So, for example, if you’re a foodie, then BuzzFeed’s online Tasty product shares all sorts of valuable content. Their ‘how to’ video for spinach and artichoke dip cracked 82 million views.
He believes that increasingly publishers will ‘go to you’ via what he described as a Distributed Media Network, and news and content will find you on Twitter, Facebook, Snapchat, or wherever you are.
It’s a whole new paradigm to think about, but it is certainly the future of media.
In another panel session discussing content, one panellist proffered that the work of an editor or content creator these days is to listen, then create. Rather than the old editorial model of ‘You’re going to like this because I said so’, we have, and are moving to, ‘You’re going to like this because you said so’. The goal is to create reader reactive content.
I then attended a brilliant panel session entitled ‘Content Now! Stop Advertising, Start Publishing’.
The panellists were from Western Union, Gatorade and Mazda.
Take outs were …
Kenny Mitchell, the Senior Director of Consumer Engagement at Gatorade outlined their ‘rules’ for content:
1. Creative – it has to have a great idea and be clever and engaging.
2. Authentic – it must be real.
3. Strategic – it needs to have a sound strategic basis rather than being a one-off tactic.
4. Emotional – it must have an emotional connection of some kind.
Russell Wager, VP of Marketing from Mazda referred to finding ‘passion points’ as a way to connect with consumers. He reminded us that connecting is about effective storytelling and used this simple credo to guide us. ‘Tell me a fact and I’ll believe you. Tell me a story and I’ll remember you’.
He then explained how their ‘Mazda Ice Academy’ moved their brand from self-publishing about themselves, to Mazda customers, dealers and the media publishing for them.
And the list of inspirational sessions goes on:
Brand stories on Periscope and Meerkat.
Finding the world’s most interesting Instagram photo.
Bringing stories to life for the smaller screen.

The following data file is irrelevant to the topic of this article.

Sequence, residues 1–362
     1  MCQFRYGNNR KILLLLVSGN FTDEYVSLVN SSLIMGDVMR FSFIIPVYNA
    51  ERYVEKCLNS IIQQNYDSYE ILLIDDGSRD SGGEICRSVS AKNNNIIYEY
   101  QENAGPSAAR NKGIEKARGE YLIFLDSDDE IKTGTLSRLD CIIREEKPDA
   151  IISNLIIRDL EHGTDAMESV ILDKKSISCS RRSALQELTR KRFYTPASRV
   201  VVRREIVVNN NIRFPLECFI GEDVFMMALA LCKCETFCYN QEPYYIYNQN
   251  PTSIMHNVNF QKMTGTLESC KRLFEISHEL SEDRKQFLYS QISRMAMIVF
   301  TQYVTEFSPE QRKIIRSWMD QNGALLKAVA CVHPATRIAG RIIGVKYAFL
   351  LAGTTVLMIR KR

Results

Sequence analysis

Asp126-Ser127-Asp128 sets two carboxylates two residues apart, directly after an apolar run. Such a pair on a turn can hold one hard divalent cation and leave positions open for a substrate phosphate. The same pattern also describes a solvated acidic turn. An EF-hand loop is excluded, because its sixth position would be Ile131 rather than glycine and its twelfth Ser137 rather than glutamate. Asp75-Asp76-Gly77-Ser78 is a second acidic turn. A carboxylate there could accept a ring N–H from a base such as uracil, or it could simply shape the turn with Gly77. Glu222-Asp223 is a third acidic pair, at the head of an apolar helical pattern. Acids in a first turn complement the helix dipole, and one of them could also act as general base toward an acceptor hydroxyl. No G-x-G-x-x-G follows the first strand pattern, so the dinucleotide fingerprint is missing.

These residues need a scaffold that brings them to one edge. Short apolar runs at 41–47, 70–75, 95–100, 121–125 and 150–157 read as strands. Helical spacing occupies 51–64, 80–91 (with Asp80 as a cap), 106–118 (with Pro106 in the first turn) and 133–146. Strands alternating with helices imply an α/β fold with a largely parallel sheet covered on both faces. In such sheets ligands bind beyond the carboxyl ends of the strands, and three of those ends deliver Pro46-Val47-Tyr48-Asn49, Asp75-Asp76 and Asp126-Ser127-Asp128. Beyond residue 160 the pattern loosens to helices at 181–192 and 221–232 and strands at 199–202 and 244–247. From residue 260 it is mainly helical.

A fascinating presentation from Henrik Werdelin who is the Founder of Bark & Co. He talked about four counterintuitive methods to build a big brand.
Yesterday I attended a brilliant session titled ‘Heads and Hearts: Consumer Engagement Where it Counts‘, with an expert panel consisting of Christina Binkley, the Fashion and News Editor at The Wall Street Journal, John Box Bricker, who is the Principal and Creative Director at Gensler, the world’s leading architectural and design firm, Melody Lee, who is the Director of Brand Strategy and Planning at Cadillac, and James Thompson who is a Neuroscientist and the Co-Founder of Evoke Neuroscience.
There is way too much valuable take out from this session to cover in a brief blog.
And the list goes on. Session after session of high quality, thought-provoking content.
Not to mention all the exhibits in addition to the SXSW sessions. Samsung VR, the Sony Lab, Mashable House etc., etc.. Sarah is going to cover this off in her own blog.
Stacks of new information, inspiration, new thinking, new angles, challenges and opportunities.
The best and the brightest from all around the world, all here in Austin.
It is an incredibly valuable experience and I’d recommend it to anyone in the agency, marketing, digital, content, comms, news, tech business.
Anyway, must go. Today’s sessions await me…
Paul Cornwell is a Managing Director at BCM.